A state lawmaker from eastern Missouri is criticizing what he calls the state Department of Transportation’s (MoDOT’s) incompetence, for its handling of the Veterans Day winter storm.

State Rep. Nick Schroer, R-O’Fallon, speaks on the Missouri House floor on May 17, 2019 (file photo courtesy of Tim Bommel at House Communications)

State Rep. Nick Schroer, R-O’Fallon, says his vehicle struck black ice in St. Charles County during the storm and that he had to use his emergency brake to stop.

Schroer says he almost crashed and saw another vehicle flip over on I-70 in Lake St. Louis.

He wants MoDOT to examine how other states handle snow, including the chemicals they’re using. Schroer says the agency wasn’t ready for the storm.

“Is what we (Missouri) are doing to prepare in these types of situations, in these snowstorms, these ice storms, is that adequate,” Schroer asks. “Is that enough? Look to other states, see what they’re doing.”

Schroer says it took him more than 90 minutes to get home that evening, a trip that normally takes 15 minutes.

“It’s just ridiculous to me because now I have two young girls that I had to go get (that evening) and slid in the black ice and I’m trying to get them home,” says Schroer.

There were hundreds of crashes across the state during the Veterans Day winter storm. One woman who was stuck by a vehicle in St. Charles County, after the “St. Louis Post-Dispatch” reports her car had problems in the weather. And state troopers say a 61-year-old man from Chilhowee died when he lost control of his vehicle on an ice-covered road and overturned near western Missouri’s Centerview.

As for MoDOT, they tell Missourinet that although forecasts said it would end midday on Veterans Day, an additional wave of snow came through that afternoon after the first snow melted and washed off the salt. They say their trucks were treating roads all day. They also note their trucks were blocked by significant crashes that day on I-70 in Schroer’s St. Charles County district.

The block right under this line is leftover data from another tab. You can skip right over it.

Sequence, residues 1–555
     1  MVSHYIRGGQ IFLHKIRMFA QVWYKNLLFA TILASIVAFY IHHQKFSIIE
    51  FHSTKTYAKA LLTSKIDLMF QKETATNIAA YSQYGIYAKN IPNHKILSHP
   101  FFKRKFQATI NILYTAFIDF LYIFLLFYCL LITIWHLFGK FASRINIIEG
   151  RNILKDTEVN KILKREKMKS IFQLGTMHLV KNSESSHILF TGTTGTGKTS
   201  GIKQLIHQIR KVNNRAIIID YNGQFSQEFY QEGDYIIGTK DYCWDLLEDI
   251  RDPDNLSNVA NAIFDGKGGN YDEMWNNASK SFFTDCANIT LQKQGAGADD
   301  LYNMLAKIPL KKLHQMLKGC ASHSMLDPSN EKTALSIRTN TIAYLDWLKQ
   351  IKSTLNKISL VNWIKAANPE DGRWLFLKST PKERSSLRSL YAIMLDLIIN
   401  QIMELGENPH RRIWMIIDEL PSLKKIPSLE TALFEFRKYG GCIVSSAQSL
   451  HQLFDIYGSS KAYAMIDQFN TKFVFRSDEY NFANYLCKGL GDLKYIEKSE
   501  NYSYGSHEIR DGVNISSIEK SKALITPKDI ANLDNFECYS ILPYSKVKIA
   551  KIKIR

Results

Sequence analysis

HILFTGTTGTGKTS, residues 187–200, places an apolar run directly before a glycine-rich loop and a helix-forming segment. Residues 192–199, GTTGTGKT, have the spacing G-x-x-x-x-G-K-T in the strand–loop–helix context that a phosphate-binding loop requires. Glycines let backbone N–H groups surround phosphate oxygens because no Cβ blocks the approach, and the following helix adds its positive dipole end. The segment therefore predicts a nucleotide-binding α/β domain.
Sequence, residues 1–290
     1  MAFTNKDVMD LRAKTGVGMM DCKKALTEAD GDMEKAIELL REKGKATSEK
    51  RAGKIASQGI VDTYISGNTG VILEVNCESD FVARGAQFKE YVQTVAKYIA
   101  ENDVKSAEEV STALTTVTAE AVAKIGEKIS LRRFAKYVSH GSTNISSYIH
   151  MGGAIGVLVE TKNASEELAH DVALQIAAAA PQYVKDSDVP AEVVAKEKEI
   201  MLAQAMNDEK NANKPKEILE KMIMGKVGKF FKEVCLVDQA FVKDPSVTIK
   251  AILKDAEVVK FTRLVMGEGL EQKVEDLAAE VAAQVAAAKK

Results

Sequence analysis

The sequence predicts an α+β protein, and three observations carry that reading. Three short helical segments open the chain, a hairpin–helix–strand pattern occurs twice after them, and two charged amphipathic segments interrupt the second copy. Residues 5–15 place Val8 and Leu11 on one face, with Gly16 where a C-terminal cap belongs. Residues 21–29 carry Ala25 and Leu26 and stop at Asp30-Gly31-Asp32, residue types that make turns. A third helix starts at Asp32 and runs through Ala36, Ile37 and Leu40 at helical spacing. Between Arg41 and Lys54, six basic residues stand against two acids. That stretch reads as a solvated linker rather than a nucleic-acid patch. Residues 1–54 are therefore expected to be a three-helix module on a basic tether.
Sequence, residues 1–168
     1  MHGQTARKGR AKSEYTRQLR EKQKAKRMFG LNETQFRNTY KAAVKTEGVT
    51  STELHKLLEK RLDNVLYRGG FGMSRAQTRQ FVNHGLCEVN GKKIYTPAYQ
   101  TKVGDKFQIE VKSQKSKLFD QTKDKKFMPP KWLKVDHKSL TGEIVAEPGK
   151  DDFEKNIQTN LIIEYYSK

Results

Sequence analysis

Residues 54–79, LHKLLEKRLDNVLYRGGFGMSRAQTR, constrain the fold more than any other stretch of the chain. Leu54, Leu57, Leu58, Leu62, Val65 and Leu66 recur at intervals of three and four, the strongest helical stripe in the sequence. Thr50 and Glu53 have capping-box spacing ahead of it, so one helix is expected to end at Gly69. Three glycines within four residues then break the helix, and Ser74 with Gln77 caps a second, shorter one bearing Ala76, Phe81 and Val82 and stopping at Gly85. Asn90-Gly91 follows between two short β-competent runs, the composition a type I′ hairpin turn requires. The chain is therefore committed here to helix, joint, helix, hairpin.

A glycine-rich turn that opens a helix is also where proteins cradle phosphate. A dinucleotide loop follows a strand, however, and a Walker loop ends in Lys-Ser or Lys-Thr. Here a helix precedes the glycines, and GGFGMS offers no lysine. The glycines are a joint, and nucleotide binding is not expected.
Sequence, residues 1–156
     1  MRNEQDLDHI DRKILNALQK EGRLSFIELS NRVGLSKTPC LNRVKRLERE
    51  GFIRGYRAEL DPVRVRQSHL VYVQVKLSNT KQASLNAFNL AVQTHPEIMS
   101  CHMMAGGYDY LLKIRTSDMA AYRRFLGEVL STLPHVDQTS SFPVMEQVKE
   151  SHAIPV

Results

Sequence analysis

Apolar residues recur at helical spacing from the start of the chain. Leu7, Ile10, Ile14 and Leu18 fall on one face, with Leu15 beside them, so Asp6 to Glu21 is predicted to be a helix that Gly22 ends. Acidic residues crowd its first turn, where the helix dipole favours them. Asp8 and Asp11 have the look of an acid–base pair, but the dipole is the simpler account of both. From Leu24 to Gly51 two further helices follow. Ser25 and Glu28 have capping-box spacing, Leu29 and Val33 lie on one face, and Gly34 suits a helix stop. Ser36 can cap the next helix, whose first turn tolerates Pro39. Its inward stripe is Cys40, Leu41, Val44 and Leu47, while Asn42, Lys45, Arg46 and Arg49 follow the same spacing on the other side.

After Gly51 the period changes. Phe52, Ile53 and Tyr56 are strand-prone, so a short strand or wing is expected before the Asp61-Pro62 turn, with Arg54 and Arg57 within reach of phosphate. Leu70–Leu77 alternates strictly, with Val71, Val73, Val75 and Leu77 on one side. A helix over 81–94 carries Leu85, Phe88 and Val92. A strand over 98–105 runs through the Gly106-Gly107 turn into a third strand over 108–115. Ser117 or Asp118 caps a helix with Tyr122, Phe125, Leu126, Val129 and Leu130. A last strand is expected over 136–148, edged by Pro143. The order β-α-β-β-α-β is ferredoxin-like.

MoDOT also says safety is their top priority and that they have hundreds of dedicated employees who work hard to keep St. Louis-area roads safe during winter storms.

Schroer, who serves as the vice chairman of the House Special Committee on Government Oversight, tells Missourinet that if the scenario happens again, he’ll want MoDOT to testify before the committee.

MoDOT helds its annual winter operations drill on November 7, four days before the storm. They reacted to a simulated forecast of significant snow for the entire state and inspected every piece of equipment.

The agency spent more than $64 million on winter operations last year and used more than 180,000 tons of salt, 100,000 gallons of liquid calcium chloride and about 700,000 gallons of beet juice. MoDOT says that during an average winter, its employees plow about six million miles of snow and ice.

Here is the full statement from MoDOT’s St. Louis District office, in response to the Missourinet interview with Representative Schroer:

Thank you for reaching out to MoDOT following your interview with State Rep. Nick Schroer, R-O’Fallon, during which shared concerns with MoDOT’s response to last week’s winter storm.

Safety is our number 1 priority. MoDOT has hundreds of dedicated employees in St. Louis working hard to keep roads safe and passable. State employees were out all day Monday, November 11th, working the winter event including plowing and spreading salt. It is difficult to use salt in an effective way when storms start as rain/sleet and strike during times of heavy traffic volumes. The November 11th event had warm enough ground temperatures to melt all the snow that fell, washing off the salt that was applied early in the day. Although the weather forecasts said it would end midday, an additional wave of snow came around 2 p.m. after the first snow had melted and washed off the salt. When the winds brought a significant drop in temperature, all routes across St. Louis started freezing at the same time which coincided with the start of evening rush hour.

MoDOT’s trucks were treating roads all day. Winter events like Monday can present extreme challenges, especially when you have winter precipitation during rush hour. Specific to Representative Schroer’s area in St. Charles County, there were a couple significant crashes on I-70 and Rte 364 that MoDOT trucks were caught in. When MoDOT trucks are stuck in traffic, it limits our ability to continue treating roads and getting to all the state owned roads.

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